Dieppe at 75

Today marks the 75th anniversary of the Dieppe raid by the Canadian army. Very controversial, as to what was achieved, it is none the less, a key point in history.

The Canadians were tasked with storming the Dieppe beach, obtaining information, and getting out. It didn’t go so well, and was considered a disaster by many historians. Others consider this raid as a testing bed for what eventually became D-Day. No matter what the opinion, it was a key attack.

This year, I was able to visit Dieppe on our tour of Belgium and northern France.

On our visit, the day we were to arrive at the August 19th 1942 Memorial, we were running very late. The day before, we went back to Vimy to see the tunnels and trenches that were not open due to the 100th anniversary of the battle of Vimy ridge. And we had to drop some other travellers of our group in Arras. So we were there over two hours late. From what I could gather, the people at this memorial were waiting especially for us! The woman was very upset at our tardiness, and my girlfriend spoke to her in French and explained our situation. It seemed to mollify her. Her husband, one of the owners of the memorial, was still very welcoming. We soon learned why.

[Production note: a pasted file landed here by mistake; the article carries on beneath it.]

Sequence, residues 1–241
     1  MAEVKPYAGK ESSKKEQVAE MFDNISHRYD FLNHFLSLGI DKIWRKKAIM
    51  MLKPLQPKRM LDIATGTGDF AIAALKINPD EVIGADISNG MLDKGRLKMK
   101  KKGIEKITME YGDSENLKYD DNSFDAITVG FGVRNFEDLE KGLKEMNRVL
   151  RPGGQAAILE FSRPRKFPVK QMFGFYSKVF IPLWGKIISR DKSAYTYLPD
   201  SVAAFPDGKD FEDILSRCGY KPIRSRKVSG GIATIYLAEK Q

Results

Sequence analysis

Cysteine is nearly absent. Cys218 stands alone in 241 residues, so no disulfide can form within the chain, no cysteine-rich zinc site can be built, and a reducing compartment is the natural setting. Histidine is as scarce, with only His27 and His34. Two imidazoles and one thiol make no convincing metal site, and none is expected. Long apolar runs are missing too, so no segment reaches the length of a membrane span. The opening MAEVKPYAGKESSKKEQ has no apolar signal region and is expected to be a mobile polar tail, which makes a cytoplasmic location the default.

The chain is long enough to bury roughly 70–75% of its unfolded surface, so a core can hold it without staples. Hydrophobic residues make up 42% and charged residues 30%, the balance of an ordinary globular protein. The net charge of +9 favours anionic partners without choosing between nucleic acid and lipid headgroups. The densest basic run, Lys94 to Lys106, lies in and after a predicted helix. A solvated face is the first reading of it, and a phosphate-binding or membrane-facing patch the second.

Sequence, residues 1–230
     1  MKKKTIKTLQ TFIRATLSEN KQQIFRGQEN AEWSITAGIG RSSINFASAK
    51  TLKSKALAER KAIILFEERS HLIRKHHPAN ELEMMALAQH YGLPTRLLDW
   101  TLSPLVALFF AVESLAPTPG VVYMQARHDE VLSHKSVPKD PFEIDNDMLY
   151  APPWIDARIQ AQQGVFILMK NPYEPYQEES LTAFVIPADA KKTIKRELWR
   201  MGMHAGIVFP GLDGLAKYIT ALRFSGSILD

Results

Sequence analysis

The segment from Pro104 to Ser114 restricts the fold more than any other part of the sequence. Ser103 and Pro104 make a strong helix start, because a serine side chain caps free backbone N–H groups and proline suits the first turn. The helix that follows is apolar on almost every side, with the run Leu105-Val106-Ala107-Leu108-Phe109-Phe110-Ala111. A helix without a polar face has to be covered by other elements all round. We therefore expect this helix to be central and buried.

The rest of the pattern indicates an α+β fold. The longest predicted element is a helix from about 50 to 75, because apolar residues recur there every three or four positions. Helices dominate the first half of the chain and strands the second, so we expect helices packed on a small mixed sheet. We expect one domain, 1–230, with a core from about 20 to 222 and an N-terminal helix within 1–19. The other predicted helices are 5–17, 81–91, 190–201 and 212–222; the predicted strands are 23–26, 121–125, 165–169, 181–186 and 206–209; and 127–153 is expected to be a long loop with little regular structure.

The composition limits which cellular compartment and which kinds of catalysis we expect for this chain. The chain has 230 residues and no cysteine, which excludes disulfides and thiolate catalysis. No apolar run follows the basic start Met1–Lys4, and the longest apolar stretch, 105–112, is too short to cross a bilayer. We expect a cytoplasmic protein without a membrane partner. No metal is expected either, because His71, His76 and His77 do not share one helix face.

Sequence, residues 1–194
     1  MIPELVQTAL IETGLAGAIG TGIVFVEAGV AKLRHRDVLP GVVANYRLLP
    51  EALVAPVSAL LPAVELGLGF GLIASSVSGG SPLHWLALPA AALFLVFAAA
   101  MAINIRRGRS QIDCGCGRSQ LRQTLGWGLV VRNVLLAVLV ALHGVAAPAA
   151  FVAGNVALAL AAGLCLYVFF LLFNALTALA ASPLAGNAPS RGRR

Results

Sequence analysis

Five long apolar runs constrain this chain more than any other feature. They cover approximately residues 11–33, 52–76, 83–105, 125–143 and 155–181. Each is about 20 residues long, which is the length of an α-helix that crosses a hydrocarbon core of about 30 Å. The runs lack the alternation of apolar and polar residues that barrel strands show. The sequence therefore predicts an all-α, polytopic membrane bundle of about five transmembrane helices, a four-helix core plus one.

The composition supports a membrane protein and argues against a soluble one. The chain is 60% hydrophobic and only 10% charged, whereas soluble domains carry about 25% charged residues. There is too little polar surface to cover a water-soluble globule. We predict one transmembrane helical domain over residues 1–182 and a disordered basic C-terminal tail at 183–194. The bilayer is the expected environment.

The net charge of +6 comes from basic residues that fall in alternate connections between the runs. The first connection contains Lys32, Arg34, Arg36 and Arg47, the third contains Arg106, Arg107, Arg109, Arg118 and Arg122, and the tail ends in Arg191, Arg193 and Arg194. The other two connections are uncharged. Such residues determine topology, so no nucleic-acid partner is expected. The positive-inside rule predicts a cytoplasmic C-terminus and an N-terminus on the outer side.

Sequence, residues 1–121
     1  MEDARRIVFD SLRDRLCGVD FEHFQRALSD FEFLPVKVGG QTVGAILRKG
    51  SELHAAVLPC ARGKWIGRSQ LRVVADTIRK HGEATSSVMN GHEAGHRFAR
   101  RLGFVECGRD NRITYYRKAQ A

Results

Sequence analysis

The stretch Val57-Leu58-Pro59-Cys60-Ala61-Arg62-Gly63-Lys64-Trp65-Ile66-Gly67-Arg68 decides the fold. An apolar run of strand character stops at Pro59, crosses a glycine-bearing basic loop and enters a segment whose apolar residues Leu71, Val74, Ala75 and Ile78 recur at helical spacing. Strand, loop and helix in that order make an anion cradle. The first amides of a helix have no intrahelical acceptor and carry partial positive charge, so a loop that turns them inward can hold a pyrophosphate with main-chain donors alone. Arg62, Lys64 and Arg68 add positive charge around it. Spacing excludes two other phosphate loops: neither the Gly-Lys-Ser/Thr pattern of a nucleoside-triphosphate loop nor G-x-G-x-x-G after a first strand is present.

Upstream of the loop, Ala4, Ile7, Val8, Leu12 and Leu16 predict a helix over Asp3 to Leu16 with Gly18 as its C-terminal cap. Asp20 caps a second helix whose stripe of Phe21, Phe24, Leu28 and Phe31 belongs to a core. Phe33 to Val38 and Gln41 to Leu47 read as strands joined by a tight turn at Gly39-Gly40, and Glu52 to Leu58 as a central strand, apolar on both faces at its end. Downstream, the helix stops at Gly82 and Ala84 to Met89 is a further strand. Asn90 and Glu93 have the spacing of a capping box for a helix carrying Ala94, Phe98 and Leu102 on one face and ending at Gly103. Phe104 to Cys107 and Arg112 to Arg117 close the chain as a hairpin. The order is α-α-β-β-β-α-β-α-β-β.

Turns out, his mother was in occupied Dieppe. The day of the raid by the Canadians, leaflets were dropped, saying “stay in your homes, be safe. This is not a raid. We are the Canadian army. We will be back”. The French held to that hope. He said, “and then in 1944, you fulfilled your promise…you came back”. As such, he holds the Canadians in very high esteem, because we came back and liberated Dieppe. Very powerful. The museum/memorial, which is an old theatre, is full of memorabilia, photos, portraits of Canadian infantry. While the old theatre held its own appeal (being a theatre type, and he allowed us to go on the stage and such), I felt both very honoured to be Canadian, and unworthy. I had no connection to the raid or liberation. Its amazing how much this man held Canadian citizens in such high esteem.